Is there a link between dyslexia and atypical brain lateralization?
Is the atypical brain lateralization, if present, a cause or a consequence of dyslexia?
Since Samuel Orton’s times – meaning for almost 100 years now (Orton, S., 1925), scientists have been looking for the answers of these questions and still do not have conclusive results even for the first one. The data in the scientific literature is inconsistent and sometimes even conflicting. That may be due to the assessment tools chosen, to the small sample sizes, to the heterogeneity of dyslexia or to a combination of these factors.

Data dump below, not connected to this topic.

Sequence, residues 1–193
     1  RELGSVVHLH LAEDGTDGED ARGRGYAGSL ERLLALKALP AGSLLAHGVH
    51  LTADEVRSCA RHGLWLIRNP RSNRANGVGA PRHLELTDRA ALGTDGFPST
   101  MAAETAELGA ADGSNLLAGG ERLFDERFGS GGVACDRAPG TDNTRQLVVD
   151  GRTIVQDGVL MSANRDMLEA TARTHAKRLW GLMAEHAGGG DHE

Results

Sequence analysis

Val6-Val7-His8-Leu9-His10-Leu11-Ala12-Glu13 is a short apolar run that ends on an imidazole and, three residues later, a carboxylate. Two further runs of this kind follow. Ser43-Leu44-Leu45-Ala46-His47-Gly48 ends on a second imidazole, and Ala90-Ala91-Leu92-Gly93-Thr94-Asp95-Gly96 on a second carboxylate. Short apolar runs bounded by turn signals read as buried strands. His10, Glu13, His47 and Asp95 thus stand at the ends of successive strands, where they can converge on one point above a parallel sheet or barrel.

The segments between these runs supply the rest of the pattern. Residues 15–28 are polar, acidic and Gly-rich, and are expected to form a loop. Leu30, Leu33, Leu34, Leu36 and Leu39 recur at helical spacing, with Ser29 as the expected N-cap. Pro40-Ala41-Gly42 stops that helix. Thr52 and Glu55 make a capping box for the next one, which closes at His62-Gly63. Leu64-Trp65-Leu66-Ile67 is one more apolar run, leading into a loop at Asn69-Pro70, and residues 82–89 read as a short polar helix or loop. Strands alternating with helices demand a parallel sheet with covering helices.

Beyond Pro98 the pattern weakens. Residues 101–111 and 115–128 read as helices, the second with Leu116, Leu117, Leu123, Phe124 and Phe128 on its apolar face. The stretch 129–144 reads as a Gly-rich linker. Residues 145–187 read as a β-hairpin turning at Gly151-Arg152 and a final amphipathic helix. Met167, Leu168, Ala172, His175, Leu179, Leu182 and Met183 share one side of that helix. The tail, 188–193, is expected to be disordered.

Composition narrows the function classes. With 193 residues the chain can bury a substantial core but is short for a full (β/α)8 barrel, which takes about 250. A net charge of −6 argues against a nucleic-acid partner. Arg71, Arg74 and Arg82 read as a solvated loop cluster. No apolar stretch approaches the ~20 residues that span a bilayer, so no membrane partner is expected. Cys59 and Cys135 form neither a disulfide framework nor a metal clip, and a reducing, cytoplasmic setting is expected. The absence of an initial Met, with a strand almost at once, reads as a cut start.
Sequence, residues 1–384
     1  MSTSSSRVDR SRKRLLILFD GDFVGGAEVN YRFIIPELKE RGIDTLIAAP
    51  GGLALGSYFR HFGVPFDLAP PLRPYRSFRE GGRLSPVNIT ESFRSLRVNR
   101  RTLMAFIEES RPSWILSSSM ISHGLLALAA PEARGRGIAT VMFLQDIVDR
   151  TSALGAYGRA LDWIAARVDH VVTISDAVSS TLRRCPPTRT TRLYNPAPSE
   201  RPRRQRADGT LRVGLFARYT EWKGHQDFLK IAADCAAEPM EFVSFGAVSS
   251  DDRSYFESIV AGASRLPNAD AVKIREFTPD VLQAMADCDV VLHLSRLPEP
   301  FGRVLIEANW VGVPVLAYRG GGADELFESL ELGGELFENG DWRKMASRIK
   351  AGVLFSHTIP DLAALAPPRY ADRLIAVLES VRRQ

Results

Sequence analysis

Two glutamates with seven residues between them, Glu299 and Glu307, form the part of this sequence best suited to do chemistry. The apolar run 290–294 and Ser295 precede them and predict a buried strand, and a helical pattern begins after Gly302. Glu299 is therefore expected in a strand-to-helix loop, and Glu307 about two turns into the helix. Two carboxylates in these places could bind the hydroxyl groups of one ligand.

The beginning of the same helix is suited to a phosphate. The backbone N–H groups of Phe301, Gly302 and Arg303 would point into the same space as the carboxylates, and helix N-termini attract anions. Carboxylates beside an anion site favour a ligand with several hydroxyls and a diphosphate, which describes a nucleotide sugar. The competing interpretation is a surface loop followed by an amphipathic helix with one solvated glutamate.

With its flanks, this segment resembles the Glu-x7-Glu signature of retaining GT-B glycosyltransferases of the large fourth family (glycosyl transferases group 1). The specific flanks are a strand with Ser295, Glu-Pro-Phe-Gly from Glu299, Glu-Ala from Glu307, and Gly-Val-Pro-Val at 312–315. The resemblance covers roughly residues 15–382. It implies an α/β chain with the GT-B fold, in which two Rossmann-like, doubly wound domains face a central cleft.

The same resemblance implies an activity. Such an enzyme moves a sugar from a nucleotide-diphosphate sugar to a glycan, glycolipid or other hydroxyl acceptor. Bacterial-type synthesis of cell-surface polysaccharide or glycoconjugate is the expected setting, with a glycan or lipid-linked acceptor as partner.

An online laterality battery of validated behavioural tests (verbal, visual and motor) might have a huge contribution in the right direction, as it enables easily testing a big sample of dyslexics all over the world, thus providing statistically significant results. Proving or disproving the link between dyslexia and atypical brain lateralization, will give us a green light to really focus on a third question, which I, as a practitioner and not only a researcher, consider actually the most important – How can we use that knowledge for better tailored interventions?
The study is for school-aged children (8-17 y.o.) with the official diagnosis of Dyslexia. It is relatively quick, it is fun and it is anonymous, but all the interested families may know their child’s individual results on request.
If you are interested, please follow the link to learn the details about the study, see the ethical approval and register.